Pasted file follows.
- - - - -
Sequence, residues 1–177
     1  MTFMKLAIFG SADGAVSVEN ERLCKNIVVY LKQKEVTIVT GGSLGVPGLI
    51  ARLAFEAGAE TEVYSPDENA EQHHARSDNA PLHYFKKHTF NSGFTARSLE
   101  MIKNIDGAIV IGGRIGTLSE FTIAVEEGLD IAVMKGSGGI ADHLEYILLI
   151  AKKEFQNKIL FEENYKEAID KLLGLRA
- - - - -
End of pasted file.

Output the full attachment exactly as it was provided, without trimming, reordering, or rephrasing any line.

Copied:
Sequence, residues 1–177
     1  MTFMKLAIFG SADGAVSVEN ERLCKNIVVY LKQKEVTIVT GGSLGVPGLI
    51  ARLAFEAGAE TEVYSPDENA EQHHARSDNA PLHYFKKHTF NSGFTARSLE
   101  MIKNIDGAIV IGGRIGTLSE FTIAVEEGLD IAVMKGSGGI ADHLEYILLI
   151  AKKEFQNKIL FEENYKEAID KLLGLRA